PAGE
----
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President Regina Peruggi, Kingsborough Community College

What inspired you to pursue your current career? I think the age during which I grew up and the education I received had the most significant influence on my career choice. I was in high school and college during the 1960s and was very influenced by the Kennedy era during which time there was a great emphasis on entering public service. In addition, my education was also very focused on values and emphasized not just “getting a job,” but rather, making sure that you chose a career that would make a difference in the lives of your fellow man. Initially, I considered joining the Peace Corps, but for a variety of reasons I didn’t. Instead I was able to find a position as a social worker in a treatment center for female drug abusers. This became the first of many positions that I’ve been privileged to hold throughout my career.

Challenges & Resolutions: I think some of the challenges I faced were around completing graduate studies. Pursuing a career in higher education demands graduate credentials and it took me a long time to get myself back to school after graduating from college. In fact, it took more than 15 years after graduation to make the decision to start back, and then it took another 10 years at night to complete my MBA and doctorate. Clearly, attending class at night and having a very responsible position during the day was difficult. How did I overcome the obstacles…I’m not sure except that once I got on track I just kept going. There seemed to be no other choice and I had good moral support from lots of close friends.

Other obstacles were more internal. I had little self-confidence for a long time and that was difficult to overcome, but I think I started to meet that challenge by pushing myself into difficult situations and getting through them. After a while you say…I can get through anything!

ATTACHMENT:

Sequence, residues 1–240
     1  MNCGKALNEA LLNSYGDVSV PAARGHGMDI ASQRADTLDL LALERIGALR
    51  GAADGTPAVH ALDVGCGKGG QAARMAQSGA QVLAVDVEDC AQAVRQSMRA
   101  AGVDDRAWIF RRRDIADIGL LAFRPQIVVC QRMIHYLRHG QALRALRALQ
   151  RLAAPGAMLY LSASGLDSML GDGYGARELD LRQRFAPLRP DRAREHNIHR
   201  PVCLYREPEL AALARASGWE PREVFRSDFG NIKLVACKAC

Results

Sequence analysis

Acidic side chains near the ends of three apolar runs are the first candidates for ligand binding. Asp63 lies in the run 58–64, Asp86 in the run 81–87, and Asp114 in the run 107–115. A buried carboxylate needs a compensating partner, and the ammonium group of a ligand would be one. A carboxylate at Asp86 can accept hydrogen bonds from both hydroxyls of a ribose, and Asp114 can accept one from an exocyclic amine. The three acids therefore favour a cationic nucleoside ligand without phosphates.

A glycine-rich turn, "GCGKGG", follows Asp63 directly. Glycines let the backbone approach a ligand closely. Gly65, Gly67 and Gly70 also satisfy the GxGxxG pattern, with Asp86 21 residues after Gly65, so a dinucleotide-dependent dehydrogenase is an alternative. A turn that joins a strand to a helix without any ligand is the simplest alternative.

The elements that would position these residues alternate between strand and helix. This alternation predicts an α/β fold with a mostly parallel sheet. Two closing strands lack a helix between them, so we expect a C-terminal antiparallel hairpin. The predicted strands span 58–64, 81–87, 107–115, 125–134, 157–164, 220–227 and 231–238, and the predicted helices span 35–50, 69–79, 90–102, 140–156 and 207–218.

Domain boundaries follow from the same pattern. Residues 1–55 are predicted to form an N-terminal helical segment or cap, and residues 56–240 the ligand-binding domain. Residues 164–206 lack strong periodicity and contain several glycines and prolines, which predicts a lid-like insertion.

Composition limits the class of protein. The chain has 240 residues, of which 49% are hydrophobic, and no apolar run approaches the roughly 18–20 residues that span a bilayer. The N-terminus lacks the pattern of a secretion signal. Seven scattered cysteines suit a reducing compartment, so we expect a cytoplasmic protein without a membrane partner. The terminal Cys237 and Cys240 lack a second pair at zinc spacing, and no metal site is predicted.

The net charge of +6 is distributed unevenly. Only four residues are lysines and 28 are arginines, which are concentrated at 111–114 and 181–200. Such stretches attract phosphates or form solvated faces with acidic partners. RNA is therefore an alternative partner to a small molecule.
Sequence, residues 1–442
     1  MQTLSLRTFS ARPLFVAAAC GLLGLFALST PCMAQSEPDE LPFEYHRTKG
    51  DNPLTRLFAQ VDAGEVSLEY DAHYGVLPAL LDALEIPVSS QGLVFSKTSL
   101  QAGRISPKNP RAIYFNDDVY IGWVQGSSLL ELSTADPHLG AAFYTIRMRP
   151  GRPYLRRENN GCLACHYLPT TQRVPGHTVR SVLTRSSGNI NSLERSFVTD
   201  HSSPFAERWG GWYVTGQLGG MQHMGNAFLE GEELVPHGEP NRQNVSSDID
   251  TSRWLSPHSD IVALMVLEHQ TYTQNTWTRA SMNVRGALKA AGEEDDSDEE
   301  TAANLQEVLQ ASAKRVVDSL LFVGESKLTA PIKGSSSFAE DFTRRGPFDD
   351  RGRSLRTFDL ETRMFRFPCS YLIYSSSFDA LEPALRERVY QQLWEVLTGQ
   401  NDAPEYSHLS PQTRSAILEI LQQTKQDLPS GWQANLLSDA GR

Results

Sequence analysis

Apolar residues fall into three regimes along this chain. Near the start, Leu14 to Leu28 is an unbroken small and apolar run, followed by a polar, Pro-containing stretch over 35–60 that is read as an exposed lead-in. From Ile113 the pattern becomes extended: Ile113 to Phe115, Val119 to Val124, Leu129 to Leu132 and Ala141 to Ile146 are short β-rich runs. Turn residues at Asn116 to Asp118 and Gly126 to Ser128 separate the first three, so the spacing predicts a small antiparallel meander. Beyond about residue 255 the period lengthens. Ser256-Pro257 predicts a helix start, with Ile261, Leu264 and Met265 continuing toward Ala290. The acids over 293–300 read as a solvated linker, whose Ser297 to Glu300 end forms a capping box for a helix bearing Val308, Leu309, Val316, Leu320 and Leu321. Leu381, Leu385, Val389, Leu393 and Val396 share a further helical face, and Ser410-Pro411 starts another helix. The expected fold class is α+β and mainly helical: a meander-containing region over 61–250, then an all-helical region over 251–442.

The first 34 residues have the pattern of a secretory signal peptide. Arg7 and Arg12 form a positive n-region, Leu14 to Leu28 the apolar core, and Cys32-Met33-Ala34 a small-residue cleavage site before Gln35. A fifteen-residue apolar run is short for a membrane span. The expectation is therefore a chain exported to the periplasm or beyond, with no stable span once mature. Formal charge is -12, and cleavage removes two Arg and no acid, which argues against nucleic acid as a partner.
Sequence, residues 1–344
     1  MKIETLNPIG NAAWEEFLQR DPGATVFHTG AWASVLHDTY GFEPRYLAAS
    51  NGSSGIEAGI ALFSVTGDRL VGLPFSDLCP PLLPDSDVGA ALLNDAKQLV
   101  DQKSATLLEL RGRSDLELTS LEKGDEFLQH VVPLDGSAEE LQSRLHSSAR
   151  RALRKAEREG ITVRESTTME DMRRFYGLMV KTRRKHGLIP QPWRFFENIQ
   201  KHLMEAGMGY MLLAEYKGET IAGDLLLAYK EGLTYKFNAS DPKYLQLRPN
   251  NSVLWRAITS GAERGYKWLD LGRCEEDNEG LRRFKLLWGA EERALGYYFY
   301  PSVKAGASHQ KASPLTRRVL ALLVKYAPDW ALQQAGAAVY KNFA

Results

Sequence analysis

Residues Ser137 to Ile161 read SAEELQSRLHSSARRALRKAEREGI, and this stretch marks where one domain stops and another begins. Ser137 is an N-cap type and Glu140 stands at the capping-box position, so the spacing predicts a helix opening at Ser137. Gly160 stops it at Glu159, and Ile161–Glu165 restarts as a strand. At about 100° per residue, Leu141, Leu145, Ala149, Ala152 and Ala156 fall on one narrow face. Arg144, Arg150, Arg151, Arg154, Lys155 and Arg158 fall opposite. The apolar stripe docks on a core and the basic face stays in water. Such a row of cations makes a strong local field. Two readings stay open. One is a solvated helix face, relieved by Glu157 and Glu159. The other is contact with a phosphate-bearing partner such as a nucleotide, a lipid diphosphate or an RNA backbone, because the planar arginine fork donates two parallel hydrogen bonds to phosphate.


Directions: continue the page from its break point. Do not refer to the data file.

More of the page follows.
Accomplishments You’re Proudest Of: I’m proud of having developed the York College Community Learning Center many years ago. I’m proud of the CUNY literacy, GED and other adult programs that I was able to expand at the University. I believe that the 11 years I spent as president of Marymount Manhattan College made a difference. I am proud of the work that’s done every day in Central Park and I was part of that work for several years. And, I am so proud of the work that’s being done at Kingsborough Community College today. Community Colleges are the unsung heroes of this city as they provide access to higher education for thousands of students each year. My students seek higher education as the means to a better life for themselves and their families and I believe that everyone at Kingsborough understands that deep down. That is why their work is so good. We are, in fact, one of the top community colleges in the country!